Investing to help make roads safer for all users

Councillor Stephen Blais is proposing to inject millions of dollars into the City’s Vision Zero based Strategic Road Safety Action Plan.

“Keeping our roads safe for all users is one of the most important projects we are currently working on,” says Blais. “We should fast track our road safety investments to allow us to do more, at a faster pace.”

The Municipal Parking Management Strategy is recommending the City maintain a balance of $20 million in the Parking Reserve. It is forecasted that the reserve will close with an approximately $24 million balance in 2019.

“Our city is continually growing and we must ensure that our streets remain safe for all users by sufficiently investing to meet these needs,” adds Blais. “Waiting is not an option, so we need creative thinking to get moving on making our streets safer.”

The City currently invests approximately $25 million in road safety programs and initiatives every year. Blais’ proposal would increase this investment by 16%.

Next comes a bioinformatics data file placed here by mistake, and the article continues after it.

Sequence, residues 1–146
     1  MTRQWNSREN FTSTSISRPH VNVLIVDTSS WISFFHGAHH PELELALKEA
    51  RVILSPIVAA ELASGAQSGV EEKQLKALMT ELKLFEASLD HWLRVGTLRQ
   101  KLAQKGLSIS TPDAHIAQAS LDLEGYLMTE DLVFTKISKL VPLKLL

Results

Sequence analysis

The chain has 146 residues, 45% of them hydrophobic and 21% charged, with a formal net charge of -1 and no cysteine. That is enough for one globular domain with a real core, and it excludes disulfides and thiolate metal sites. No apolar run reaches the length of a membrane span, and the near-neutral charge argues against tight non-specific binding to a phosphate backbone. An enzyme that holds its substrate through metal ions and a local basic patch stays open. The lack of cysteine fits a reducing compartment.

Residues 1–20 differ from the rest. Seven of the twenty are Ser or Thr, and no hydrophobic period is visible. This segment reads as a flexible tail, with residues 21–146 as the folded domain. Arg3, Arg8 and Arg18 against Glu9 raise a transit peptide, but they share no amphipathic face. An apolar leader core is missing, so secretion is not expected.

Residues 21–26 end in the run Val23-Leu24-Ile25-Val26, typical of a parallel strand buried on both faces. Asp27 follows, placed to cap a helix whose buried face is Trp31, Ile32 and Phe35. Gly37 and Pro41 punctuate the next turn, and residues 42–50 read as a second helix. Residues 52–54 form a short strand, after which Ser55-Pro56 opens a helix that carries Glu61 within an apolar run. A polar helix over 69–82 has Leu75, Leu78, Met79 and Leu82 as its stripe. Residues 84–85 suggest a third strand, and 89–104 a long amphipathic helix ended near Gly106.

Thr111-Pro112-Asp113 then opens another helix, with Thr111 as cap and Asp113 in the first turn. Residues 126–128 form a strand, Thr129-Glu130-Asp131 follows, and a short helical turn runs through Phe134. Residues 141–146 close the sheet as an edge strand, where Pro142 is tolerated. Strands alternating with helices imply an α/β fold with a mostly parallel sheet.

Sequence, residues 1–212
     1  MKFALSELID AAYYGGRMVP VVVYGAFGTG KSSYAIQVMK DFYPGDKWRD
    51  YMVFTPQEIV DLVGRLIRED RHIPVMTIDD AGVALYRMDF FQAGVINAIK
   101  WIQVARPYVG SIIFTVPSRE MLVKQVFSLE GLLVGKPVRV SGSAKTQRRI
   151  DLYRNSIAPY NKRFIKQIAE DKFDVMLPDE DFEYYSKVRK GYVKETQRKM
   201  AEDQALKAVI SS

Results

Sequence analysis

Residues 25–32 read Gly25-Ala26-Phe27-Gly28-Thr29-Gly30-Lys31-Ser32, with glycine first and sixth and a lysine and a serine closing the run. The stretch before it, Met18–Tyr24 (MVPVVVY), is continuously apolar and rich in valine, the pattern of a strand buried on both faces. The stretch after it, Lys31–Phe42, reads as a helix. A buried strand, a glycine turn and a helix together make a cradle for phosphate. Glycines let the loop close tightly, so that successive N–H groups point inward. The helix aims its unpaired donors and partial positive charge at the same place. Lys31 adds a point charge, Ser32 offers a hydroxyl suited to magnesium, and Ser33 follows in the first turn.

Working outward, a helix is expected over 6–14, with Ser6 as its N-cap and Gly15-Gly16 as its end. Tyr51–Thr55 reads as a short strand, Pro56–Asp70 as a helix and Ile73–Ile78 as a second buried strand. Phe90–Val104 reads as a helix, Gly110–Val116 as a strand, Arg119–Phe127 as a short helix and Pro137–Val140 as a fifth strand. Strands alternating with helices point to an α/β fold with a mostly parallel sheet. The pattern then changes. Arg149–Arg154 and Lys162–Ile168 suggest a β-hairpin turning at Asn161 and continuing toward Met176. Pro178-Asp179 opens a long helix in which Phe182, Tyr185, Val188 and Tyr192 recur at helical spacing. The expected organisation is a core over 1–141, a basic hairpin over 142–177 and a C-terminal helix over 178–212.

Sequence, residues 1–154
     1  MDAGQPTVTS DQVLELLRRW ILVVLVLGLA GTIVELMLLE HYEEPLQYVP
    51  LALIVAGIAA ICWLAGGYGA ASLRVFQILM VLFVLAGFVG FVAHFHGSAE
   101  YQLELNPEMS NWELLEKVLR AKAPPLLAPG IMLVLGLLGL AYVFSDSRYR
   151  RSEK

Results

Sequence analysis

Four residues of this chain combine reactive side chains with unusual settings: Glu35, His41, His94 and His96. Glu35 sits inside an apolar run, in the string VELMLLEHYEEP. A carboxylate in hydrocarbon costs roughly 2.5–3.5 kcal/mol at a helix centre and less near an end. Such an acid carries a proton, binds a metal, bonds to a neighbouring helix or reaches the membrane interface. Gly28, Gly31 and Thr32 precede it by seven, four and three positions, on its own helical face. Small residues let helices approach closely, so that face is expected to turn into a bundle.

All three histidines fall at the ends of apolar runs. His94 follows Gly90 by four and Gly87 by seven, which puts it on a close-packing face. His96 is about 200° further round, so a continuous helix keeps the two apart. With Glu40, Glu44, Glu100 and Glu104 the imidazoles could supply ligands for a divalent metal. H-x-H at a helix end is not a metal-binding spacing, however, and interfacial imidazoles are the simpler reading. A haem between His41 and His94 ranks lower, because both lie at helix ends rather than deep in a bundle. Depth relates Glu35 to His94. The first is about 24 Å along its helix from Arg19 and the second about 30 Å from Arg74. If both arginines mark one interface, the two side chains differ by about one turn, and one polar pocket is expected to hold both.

The updated Road Safety Action Plan, which will be presented to committee later this year, will recommend funding the program through the increase in automated traffic enforcement. The investment in additional red-light cameras, school bus violation cameras, automated plate detectors and automated speed enforcement will generate the revenues needed to fund the vision zero based Road Safety Action Plan.

“These revenues will take time to be realized as the technology is rolled out over the coming years,” adds Blais. “My motion proposes to bridge the gap with the surplus from the Parking Reserve.”

We can make investments that will:
 Make our rural roads safer from high speeds.
 Make it safer for pedestrians to cross the street.
 Make it safer for cyclists to travel the city.
 Make it safer for all of our road users.

Road Safety Action Plan

In 2012 the City implemented the Safer Roads program called Towards Zero. From 2007-2011 the 5-year average of road fatalities per 100,000 population in Ottawa was 3.5.  Since the implementation of the 2012 plan, the five-year average (2013-2017) was reduced to 2.8. This puts Ottawa ahead of the Netherlands and in line with Sweden, both seen as global leaders in road safety.